CAIRO - For the first time in Egypt's post-revolutionary political scene, the Muslim Brotherhood's ascendancy is under serious threat. But as a diverse array of political players challenges the Islamist movement's efforts to centralize power, the Brothers are showing no sign of backing down.
The trouble began last week, when President Mohamed Morsy issued a package of sovereign decrees that sacked the nation's prosecutor general, appointed a new one with a mandate to re-open cases against deposed autocrat Hosni Mubarak and his inner circle, and -- most importantly -- declared both his own decisions and the assembly drafting the country's new constitution immune from judicial oversight. As scholar Nathan Brown put it, Morsy's edict amounted to a declaration that he was "all powerful ... just for a little while."
Unsurprisingly, Egypt's opposition wasn't about to sit back and let Morsy decide when he would allow rival political voices a seat at the table. Public reaction was swift and fierce: In less than 24 hours, protesters flooded Tahrir Square. In cities across the country, offices of Morsy's Freedom and Justice Party (FJP) -- the Brotherhood's political wing --were attacked and burned. One teenager died in the ensuing clashes. The group is poised to hold its own rally on Saturday, which it says will be a "million-man march" in support of the president's decision and efforts to "cleans[e] the country of former regime cronies."
Morsy is no Mubarak with a beard, his advisors insist. He has merely acted to pre-empt a plot by Mubarak regime holdovers and opposition politicians that would have seen the country's high court dissolve the constitutional assembly and annul the president's election victory -- a judicial coup that would throw the country into chaos, they say.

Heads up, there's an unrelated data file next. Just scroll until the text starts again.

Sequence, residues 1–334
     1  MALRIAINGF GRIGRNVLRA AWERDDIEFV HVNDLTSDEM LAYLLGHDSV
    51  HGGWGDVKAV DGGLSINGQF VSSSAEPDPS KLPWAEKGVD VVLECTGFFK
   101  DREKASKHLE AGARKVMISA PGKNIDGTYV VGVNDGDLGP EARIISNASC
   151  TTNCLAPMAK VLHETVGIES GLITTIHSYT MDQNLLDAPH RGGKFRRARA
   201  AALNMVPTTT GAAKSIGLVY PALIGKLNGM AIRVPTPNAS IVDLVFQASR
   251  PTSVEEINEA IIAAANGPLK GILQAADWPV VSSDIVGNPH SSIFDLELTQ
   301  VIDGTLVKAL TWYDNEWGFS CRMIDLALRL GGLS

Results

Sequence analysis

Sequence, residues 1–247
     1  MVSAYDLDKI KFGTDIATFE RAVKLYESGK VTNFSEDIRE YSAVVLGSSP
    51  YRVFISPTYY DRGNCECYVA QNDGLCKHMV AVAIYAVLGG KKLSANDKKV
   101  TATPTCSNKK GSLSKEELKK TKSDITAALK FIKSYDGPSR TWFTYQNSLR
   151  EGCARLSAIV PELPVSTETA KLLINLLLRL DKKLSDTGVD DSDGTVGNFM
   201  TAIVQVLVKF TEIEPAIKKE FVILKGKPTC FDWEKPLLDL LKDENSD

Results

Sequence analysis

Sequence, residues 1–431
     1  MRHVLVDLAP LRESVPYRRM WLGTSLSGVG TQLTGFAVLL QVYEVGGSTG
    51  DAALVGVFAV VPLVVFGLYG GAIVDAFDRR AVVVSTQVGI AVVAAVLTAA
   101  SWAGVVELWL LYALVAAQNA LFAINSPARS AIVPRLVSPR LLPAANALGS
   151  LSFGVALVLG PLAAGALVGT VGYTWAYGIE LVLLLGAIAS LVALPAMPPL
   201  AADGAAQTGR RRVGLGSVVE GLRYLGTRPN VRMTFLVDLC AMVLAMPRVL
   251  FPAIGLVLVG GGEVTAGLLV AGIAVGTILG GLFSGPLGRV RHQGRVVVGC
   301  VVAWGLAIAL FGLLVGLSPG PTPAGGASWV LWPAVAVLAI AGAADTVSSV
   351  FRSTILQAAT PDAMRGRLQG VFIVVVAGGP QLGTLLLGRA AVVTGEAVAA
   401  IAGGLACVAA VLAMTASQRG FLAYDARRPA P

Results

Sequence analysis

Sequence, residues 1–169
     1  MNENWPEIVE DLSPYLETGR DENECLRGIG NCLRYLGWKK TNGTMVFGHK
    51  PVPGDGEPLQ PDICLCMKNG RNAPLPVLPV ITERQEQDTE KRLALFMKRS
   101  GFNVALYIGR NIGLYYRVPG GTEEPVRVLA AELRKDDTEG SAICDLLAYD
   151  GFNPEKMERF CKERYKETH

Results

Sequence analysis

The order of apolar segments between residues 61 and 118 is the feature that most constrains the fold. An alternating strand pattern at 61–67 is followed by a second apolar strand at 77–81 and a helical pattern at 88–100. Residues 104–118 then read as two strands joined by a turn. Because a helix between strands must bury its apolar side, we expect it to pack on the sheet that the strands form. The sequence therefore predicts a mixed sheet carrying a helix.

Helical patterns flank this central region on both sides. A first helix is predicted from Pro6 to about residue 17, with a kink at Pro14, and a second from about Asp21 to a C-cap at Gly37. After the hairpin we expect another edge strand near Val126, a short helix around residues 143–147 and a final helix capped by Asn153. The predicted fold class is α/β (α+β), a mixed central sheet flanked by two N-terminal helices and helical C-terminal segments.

Pressed for evidence of the plot during a prerecorded television interview aired on Nov. 29, Morsy declined to provide any. He warned of "enemies" outside the country and said he had obtained knowledge about a plot, even though it had yet to turn into "proper evidence." "When I have this information and I feel my country is under threat, I have to make difficult decisions," he said.
The decrees, their fallout, and the Brotherhood's reaction are emblematic of the group's views of the Egyptian political scene five months after winning the presidency and nearly two years after the revolution opened the path for their political dominance.
Victories at the polls have buoyed the group's confidence -- some would say arrogance -- and solidified its pre-existing conception of Egypt's non-Islamist opposition as tiny and irrelevant -- a constituency that can if necessary be outvoted and outmanned on the streets to push through the Brotherhood's agenda. For the Brotherhood, the prospect of losing its political majority seems so unlikely that the possibility has not even entered into its strategic calculations.
"Should we show you our might?" said Hazem Kheir Eddin, an FJP political adviser who writes for its media outlets, when pressed about the Brotherhood's margin of victory in the recent elections. "If you can mobilize half a million men, we can mobilize 20 million men."